Understanding what a baby and a toddler should wear to a sensitive occasion like a funeral can be worrying.
Babies and toddlers are little creatures who draw attention not only because of their cute faces but also due to their adorable wears.
Should You Follow The Norm?
Conventionally, the norm is to wear all-black attire or calm coloured clothes. However, this practice doesn’t have to be carried out by babies and toddlers.
It is no longer a necessity for all attendees of a funeral or memorial to wear black. The exceptional attendees are babies and children, however.
Why else should the norm be overlooked? Blacks bring about heat and can be a discomfort to babies, especially in hot weather.
Furthermore, what is the probability that your baby will get to wear that fancy all-black attire before she outgrows it? Instead, there are other clothing styles a baby or toddler can wear to a funeral.
Meanwhile, having understood funerals to be sensitive and special occasions, there are certain etiquettes you should consider to honour and respect the event, especially concerning toddlers.
Funeral Clothing Styles for Baby
With the fact that getting a black baby dress can be very hard, other options for clothes are open for baby wear to a funeral.
Would anyone give a stern face to a little pumpkin dressed in cute clothes? Most definitely not. Babies are a blessing, and their presence at funerals is very much likely to brighten up a sober face.
You can dress your baby up in any dress but preferably not flashy. As a baby, no matter what you put her in, she would appear bright and happy, this factor cannot be subdued, and it’s a reason why babies’ wear to a funeral isn’t criticised.
How would a neutral coloured zip-up sweater with a collared shirt below fit in cold weather? Complemented with beautiful dress pants.
Some cute baby shoes can be added to balance the little pumpkin’s dress.
Meanwhile, sometimes you can be short of clothing ideas. This reason is why some mothers resort to putting on Easter or Christmas dress for their babies. This isn’t a bad idea but should only be used when you can’t seem to find suitable random wear.
The Dos and Don’ts of Toddler Dress Wear to a Funeral
Babies and toddlers wear to a funeral can come in different styles. This diversity is because, concerning dressing and appearance, age matters. A pretty baby can be very much adored and welcomed in colourful wear, although not advisable.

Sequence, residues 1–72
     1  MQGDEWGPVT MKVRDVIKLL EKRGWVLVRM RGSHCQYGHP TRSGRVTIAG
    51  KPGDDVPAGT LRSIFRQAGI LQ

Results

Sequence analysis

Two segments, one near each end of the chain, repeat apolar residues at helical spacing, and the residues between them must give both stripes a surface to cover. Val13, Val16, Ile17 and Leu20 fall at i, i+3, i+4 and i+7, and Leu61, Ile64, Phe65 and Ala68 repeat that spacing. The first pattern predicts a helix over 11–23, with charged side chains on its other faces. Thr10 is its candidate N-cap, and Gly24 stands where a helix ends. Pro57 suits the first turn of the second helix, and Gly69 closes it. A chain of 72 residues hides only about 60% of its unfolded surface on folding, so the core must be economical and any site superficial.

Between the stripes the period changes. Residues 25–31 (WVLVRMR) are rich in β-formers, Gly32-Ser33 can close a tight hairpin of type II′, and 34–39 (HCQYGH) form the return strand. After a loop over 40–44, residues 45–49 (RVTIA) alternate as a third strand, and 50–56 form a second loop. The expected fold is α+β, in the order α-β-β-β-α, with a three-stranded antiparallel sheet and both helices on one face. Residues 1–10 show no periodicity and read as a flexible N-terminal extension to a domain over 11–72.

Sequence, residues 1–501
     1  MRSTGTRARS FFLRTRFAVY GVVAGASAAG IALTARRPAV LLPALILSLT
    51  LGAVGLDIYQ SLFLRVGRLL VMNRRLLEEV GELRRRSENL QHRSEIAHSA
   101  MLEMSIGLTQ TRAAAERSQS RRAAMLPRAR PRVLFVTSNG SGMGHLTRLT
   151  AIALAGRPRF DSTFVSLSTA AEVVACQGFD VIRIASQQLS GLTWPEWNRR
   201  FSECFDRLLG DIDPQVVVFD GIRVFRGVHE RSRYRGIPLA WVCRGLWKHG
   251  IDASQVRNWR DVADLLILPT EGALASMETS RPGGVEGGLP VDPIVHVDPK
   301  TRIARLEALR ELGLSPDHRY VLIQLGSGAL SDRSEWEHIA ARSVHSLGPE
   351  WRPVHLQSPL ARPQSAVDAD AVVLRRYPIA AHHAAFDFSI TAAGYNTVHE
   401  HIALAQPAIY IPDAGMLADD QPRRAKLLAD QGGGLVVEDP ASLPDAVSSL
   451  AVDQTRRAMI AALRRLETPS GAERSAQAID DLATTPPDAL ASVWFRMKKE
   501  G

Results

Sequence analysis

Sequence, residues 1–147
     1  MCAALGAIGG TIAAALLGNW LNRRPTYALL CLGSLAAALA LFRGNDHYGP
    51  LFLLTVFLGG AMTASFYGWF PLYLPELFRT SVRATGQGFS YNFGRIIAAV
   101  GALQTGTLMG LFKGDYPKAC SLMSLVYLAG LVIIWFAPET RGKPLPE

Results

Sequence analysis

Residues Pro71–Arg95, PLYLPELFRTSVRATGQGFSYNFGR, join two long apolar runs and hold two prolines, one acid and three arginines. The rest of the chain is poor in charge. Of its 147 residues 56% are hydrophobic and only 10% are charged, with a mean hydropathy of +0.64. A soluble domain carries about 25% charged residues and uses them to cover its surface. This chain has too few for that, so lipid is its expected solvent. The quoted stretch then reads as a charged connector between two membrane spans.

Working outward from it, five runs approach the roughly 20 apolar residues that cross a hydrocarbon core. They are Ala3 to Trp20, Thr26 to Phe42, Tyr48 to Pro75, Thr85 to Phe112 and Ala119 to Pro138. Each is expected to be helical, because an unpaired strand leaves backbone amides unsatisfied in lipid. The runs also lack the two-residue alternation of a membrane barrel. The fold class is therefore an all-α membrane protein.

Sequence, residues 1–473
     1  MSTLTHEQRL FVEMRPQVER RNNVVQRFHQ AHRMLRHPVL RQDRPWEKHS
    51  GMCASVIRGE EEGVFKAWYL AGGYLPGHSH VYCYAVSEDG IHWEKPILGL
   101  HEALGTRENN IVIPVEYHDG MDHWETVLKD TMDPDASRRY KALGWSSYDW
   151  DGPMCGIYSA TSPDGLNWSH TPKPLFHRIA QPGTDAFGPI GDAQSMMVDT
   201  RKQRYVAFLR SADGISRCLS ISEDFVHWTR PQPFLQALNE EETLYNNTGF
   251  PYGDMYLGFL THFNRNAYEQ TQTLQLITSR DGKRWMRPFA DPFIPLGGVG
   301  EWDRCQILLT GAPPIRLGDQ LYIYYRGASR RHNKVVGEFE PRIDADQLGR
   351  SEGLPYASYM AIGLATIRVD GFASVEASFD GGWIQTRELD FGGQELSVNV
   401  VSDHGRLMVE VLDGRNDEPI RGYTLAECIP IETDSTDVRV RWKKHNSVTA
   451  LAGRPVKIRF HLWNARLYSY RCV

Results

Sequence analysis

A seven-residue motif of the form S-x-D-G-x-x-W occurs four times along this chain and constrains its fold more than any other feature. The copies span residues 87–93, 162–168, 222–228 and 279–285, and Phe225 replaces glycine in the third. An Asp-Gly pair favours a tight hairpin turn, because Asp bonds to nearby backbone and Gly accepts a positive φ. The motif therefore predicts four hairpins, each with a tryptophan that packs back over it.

However, on the other hand, a toddler dressed up fancily can pass across the wrong message at such a sensitive occasion. Here are a few tips on what your toddler can wear to a funeral
- Dos; Suits
Surprised? Kids Suits are a multipurpose blessing to the children wear. They are used in diverse ways and in passing across different messages.
Just the way your kid can wear a nice suit to a wedding, he can also calmly wear one to a funeral or memorial.
However, it doesn’t have to be a flashy one. If available, your toddler should put on a dark suit, black dress pants.
However, the weather could be scorching, a black short sleeve shirt is great to switch to a semi-formal dress style.
- Don’t; Shorts
Try as much as possible to avoid shorts. Shorts are for play and what else could match them better? Sneakers! That combination makes it appear as though your toddler is headed for the play ground. Try to avoid it.
- Dos; Formal shoes
Shoes say a lot about adult and children’s dressings. Just as they beautify clothes, they have their meanings and this should be considered when going to sensitive occasions like funerals.
Formal shoes are the best fit for events like weddings, funerals, memorials dinners and other cooperate occasions.
Having your toddler in a simple leatherwood shoe or loafers is okay for a funeral. This helps him understand the mood better and to some extent, can control his urge to tear down the garden and initiate a playful section when service is on.
Generally, without rules or guidelines as to how your kid should dress to a wedding, how do you think the crowd would see him in a sneaker, play shorts and a T-shirt? Oops, perhaps you both mistook the event for a funfair.